My neighbor Faith was heartbroken. In the past week, she’d lost two of her chickens, one to a hawk and another to an automobile. When she learned I had no hens for sale, she tried her luck at an online classifieds site. She bought four mixed-breed birds and brought them home, only to have two of them disappear that same night. Distraught, Faith asked me to watch for two bantam orange and black hens. “Part Sebright?” I asked, wondering whether Faith’s missing fluffs might be perched high in a tree. Faith didn’t know, and apparently neither did the woman who sold her the birds. Such is a risk of buying chickens this time of year.
Buying chickens during the latter months of the year is a risky hit-or-miss endeavor. This is the time when poultry owners are thinning out their flocks, reducing numbers to make winter care more manageable. As can be expected, only the best birds get to stay: the highly productive layers, the show winners, the most nurturing moms, the truly protective roosters. The rest? Well, those are the ones you have to watch out for as a buyer. After all, there’s usually an underlying reason why birds’ owners put them up for sale.
Many egg farmers (and a number of backyard flock owners) sell off their layers once they have reached two to three years of age. By this point, hens have reached their peak production and will begin to slowly decline in their egg-laying ability. Girls who are only a couple of years old are an ideal addition to a small flock, as they should still produce eggs for years to come. Some unscrupulous chicken keepers, however, will try to pass off their old biddies as young hens. The hoodwinked buyer eventually discovers his new bird is Mrs. Methuselah.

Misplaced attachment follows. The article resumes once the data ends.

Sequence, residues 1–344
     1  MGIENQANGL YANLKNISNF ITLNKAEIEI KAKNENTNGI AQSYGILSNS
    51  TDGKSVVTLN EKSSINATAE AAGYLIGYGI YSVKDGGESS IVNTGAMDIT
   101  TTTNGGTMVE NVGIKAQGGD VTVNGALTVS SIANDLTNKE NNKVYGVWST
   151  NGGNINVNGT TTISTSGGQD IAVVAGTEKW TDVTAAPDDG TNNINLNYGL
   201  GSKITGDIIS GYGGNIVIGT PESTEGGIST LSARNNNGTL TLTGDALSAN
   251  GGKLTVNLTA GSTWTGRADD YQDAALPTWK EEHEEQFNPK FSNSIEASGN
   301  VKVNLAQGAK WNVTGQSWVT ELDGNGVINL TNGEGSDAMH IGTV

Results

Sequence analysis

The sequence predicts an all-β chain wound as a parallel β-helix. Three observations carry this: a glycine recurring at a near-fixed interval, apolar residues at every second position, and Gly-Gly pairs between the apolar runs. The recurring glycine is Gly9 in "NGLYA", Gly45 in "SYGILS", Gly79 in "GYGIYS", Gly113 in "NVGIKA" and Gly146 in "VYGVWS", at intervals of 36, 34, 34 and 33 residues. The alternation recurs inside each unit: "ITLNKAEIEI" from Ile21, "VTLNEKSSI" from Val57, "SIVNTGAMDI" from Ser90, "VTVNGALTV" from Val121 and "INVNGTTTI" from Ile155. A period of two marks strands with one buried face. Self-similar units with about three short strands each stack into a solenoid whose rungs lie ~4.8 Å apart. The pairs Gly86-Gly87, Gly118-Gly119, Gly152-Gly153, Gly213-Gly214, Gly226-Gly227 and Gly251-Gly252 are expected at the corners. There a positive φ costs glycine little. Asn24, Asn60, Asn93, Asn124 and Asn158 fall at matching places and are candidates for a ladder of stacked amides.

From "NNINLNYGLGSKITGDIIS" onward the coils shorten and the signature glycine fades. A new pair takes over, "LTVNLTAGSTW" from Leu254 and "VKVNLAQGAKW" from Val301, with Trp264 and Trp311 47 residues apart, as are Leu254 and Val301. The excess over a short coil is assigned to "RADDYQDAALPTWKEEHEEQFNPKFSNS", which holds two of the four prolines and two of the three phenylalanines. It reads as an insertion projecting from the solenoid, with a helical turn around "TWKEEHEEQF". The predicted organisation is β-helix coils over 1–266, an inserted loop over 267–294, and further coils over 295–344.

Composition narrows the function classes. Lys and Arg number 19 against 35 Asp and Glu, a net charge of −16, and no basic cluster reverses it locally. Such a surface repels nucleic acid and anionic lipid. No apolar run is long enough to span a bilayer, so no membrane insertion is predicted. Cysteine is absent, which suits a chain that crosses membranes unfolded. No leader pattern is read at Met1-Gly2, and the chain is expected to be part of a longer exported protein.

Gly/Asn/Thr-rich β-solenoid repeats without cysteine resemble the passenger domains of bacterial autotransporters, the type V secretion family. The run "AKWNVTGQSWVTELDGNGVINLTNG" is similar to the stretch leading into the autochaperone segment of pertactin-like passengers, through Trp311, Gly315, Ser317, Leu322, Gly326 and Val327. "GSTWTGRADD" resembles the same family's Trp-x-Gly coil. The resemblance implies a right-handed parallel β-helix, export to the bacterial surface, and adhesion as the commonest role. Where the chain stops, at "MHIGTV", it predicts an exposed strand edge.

How to Avoid Being Duped: When buying chickens, ask for the chicken’s age. A good farmer keeps track of flock additions and should be able to look up this information, if not tell you outright on the spot. If the seller is unsure, examine the bird. Check the beak for signs of wear and tear. Inspect the shanks and toes for thickness. and look for knobbiness in the joints. If the hen looks like she has been around the block a few times, your best bet is to pass on this purchase.
Fall is the perfect time for chicken owners to get rid of their troublesome birds: the egg eaters, the fight pickers, the escape artists. Those buying chickens should remember this. Sitting pretty in her sales cage or viewing pen, a hen might look like the sweetest, best-natured bird ever, especially if she’s a young hen or beautifully feathered. Once she joins a new flock, however, her true temperament comes out and heaven help anyone—feathered or otherwise—who gets in her way. I’ve lost track of how often Faith has had to search for those two runaway bantams, but she has put quite a bit of mileage in those trips. Another poultry pal of mine, Walter, brought home a hen that continually harassed and chased his pet bulldog.
How to Avoid Being Duped: Ask why the bird is being sold. Explain that you’d like to see how she interacts with other birds, something you can’t observe if she’s singled out in a sales pen. If the seller hesitates about placing the hen alongside her flockmates in front of you, chances are you’ve found the reason for this temporizing. Move along.